Cairo: Egypt`s top court on Sunday suspended its work indefinitely to protest "psychological and physical pressures" by Islamist supporters of President Mohamed Mursi who prevented judges from entering the court house, worsening a conflict between the judiciary and the head of state.
The Constitutional court was expected to rule on the case of dissolving the constituent assembly and the Shura Council. However, consideration of both cases has been postponed, with no new or follow-up sessions scheduled as of yet.
The Supreme Constitutional Court in a statement condemned the protests that blocked judges from entering the building, describing the events as a "dark day" for the judiciary.
"The session on reviewing lawsuits filed (in) the Supreme Constitutional Court took place on December 2, 2012, which (will be) a dark day in history of the Egyptian judiciary throughout the ages," the statement said.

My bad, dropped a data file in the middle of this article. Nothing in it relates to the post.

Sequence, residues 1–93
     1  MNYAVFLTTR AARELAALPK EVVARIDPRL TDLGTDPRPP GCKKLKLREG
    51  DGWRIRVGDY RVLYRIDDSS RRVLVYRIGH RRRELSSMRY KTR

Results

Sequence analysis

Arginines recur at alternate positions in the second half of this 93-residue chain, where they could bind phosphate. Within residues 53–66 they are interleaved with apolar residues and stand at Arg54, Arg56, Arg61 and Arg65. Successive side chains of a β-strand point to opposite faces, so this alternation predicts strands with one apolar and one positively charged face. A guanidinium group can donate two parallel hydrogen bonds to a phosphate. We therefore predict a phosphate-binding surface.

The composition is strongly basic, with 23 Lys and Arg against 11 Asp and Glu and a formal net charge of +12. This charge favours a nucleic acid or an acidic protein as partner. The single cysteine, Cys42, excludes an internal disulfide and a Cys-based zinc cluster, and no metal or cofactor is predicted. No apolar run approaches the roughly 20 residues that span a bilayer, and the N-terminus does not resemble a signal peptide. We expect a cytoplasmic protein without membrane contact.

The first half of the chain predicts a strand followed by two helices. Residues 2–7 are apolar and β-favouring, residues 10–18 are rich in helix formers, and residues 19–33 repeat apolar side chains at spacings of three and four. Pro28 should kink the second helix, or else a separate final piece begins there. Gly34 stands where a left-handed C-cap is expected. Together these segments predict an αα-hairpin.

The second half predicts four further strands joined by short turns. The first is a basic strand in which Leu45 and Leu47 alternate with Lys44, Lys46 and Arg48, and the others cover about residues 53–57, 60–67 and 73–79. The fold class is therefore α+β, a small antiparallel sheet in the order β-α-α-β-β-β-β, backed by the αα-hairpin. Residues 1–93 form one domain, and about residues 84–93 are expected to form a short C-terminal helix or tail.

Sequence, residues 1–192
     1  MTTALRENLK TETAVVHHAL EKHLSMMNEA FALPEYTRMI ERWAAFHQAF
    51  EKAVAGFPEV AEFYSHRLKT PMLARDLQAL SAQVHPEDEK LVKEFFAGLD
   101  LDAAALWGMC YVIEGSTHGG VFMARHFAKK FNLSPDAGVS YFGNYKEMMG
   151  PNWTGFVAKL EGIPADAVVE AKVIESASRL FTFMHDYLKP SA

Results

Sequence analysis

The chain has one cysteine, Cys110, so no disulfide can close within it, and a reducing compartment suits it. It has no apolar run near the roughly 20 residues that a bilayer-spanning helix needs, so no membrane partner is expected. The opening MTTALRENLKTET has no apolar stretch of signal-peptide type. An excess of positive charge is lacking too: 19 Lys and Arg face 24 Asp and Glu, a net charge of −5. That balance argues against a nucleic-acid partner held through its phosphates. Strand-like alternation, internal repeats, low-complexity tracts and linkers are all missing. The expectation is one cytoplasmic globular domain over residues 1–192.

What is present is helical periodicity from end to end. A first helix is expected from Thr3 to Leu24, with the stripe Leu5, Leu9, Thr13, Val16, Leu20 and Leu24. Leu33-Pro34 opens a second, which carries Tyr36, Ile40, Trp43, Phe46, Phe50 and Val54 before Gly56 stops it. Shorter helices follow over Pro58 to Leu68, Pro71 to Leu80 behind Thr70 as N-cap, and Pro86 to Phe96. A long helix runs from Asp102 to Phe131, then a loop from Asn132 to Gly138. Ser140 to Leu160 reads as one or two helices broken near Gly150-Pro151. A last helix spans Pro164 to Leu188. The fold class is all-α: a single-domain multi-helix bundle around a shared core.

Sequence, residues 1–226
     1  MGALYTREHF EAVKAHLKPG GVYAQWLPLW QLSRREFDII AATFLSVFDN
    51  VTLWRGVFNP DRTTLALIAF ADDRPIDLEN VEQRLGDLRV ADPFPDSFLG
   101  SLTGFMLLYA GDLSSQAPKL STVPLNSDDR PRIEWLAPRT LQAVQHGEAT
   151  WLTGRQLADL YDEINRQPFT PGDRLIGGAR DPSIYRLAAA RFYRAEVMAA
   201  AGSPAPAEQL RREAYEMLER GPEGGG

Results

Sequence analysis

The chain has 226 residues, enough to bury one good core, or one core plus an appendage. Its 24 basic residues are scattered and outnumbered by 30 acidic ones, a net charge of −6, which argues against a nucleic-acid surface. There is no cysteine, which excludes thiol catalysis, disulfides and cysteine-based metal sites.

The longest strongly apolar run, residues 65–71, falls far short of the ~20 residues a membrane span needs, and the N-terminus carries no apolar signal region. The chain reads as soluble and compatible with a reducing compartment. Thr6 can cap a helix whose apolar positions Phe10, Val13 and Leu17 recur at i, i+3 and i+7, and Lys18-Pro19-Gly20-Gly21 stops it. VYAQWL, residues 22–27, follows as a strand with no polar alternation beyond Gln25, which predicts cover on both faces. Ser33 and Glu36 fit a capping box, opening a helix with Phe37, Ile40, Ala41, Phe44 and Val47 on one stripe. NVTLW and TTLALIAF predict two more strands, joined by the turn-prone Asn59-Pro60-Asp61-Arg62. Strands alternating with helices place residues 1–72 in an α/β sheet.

It said when judges were close to the court in the morning, they found protesters surrounding the building, blocking its gates, climbing its fence and chanting anti-judge slogans inciting people against (the judges).
"The Supreme Constitutional Court`s judges have no choice other than declaring their inability to perform their sacred duties in such an atmosphere full of hatred and the desire for revenge; hence the judges announce (the) suspending the court sessions until they are able to resume their message and review lawsuits filed to the court without being exposed to any psychological or physical pressure," the statement said.
The court`s decision intensifies political crisis between Islamist President Mursi and the mostly secular opposition.
The crisis began when Mursi issued decrees on November 22 that gave him sweeping powers and extended immunity from the courts to a panel tasked with drafting a new constitution.
Mursi has also announced to hold a referendum on the controversial draft constitution on December 15, a move aimed to defuse opposition fury over his newly expanded powers.
The new constitution was drafted by a panel predominated by Islamists, after Liberals, secularists and Christians withdrew from it, saying the changes were being forced through.